I checked and all my pre-existing partitions operating systems (other then Ubuntu 7.10) and data were intact. One slight hitch -- Grub (the startup module which allows you to boot into alternative OS's) had been re-written to only point to the new OS. However, I had anticipated this by saving a copy of the old Grub on another partition. I just have to restore the entries to a file called menu.lst, and we should be good to go multibooting to the various other OS's. I'll be able to boot to Win 98, MSDOS, and two pre-existing versions of puppy linux on this 1998 computer!

Clicking on the Program menu showed  a CNC category with entries for a full user manual, a latency test program, the CNC program itself and a G-code reference guide, as well as a getting started document. Of course I went straight to the CNC program, and it opened quickly. I loaded a test G-Code part program (the one I had failed to get TurboCNC to maintain feed rate on) and it popped up in the perspective simulation window:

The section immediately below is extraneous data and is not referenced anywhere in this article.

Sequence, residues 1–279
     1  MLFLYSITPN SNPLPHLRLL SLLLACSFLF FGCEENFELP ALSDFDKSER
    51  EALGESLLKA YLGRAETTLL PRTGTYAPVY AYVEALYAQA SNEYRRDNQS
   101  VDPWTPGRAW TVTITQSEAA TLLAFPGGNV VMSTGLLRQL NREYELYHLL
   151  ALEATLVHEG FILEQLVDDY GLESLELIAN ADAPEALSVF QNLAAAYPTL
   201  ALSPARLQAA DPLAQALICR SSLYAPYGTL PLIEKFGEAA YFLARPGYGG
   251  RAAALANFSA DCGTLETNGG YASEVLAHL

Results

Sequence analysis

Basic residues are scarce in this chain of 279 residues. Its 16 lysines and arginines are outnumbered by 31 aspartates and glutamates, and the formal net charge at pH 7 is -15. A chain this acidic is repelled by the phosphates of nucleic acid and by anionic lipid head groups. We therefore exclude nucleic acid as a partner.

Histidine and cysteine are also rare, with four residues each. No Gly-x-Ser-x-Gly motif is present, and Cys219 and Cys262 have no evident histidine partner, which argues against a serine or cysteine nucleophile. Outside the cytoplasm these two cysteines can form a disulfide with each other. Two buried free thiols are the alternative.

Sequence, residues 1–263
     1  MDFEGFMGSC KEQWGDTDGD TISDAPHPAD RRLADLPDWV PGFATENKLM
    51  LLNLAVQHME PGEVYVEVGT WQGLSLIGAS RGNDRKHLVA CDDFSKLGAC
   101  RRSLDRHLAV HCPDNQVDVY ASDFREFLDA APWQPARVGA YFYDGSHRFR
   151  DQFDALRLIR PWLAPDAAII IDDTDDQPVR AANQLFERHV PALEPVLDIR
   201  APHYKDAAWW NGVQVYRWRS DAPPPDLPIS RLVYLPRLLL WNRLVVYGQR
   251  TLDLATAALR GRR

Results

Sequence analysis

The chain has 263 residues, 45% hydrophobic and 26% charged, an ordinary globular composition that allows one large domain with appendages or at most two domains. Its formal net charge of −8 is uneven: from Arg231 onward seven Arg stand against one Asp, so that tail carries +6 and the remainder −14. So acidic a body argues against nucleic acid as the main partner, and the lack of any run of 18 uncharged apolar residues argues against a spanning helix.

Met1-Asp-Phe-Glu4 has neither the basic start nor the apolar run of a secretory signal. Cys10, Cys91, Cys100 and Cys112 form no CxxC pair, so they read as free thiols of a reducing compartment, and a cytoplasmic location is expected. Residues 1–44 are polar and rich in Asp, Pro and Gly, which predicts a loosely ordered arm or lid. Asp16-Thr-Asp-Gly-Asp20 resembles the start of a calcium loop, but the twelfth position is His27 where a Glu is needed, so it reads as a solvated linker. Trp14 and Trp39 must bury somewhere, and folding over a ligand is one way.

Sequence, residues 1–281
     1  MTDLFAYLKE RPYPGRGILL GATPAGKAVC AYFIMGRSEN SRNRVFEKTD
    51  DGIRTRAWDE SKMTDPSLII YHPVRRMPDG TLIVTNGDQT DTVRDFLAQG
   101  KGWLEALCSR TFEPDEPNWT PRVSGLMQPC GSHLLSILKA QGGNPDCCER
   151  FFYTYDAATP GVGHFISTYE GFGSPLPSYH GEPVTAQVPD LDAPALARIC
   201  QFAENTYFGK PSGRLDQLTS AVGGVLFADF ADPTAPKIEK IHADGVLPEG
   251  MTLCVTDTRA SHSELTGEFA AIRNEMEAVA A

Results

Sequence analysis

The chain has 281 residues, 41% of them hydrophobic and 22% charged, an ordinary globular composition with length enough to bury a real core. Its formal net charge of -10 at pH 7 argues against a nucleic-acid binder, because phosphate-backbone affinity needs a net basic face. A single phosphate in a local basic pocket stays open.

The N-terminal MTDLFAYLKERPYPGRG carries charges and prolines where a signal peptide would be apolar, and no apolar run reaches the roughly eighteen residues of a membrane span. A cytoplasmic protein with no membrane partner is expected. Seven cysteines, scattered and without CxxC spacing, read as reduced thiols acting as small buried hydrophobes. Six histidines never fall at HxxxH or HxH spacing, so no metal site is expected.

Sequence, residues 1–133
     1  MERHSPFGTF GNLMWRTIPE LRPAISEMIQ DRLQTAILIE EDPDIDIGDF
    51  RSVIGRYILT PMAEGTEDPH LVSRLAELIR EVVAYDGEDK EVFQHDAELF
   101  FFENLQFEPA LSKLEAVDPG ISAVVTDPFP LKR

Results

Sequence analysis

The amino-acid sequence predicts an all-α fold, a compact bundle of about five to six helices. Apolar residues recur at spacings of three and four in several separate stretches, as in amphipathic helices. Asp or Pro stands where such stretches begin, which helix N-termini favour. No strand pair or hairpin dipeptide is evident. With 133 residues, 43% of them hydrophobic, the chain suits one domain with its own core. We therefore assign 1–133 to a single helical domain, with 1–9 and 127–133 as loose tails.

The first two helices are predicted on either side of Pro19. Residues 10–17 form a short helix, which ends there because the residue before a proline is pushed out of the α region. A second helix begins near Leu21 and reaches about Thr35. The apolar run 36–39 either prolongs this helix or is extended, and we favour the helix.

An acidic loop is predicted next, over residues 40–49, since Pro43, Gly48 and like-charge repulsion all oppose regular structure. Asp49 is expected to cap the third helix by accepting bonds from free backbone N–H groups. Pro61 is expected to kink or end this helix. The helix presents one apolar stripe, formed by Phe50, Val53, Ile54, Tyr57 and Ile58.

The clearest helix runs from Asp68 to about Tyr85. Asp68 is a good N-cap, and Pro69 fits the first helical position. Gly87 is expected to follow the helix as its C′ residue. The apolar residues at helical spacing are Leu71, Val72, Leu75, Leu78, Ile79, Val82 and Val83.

I used a CNC machine configuration profile for a simulated mill, which actually just pipes the parallel port output to the speaker, so you can hear the stepper pulses for the various axes -- kinda cool creepy music while you watch the animation of the cut. It seemed to work well. The next step will be inputting the actual hard configuration parameters of my actual machine and controllers and testing it out for real.

I love it when a Plan B comes together.

Offline Joules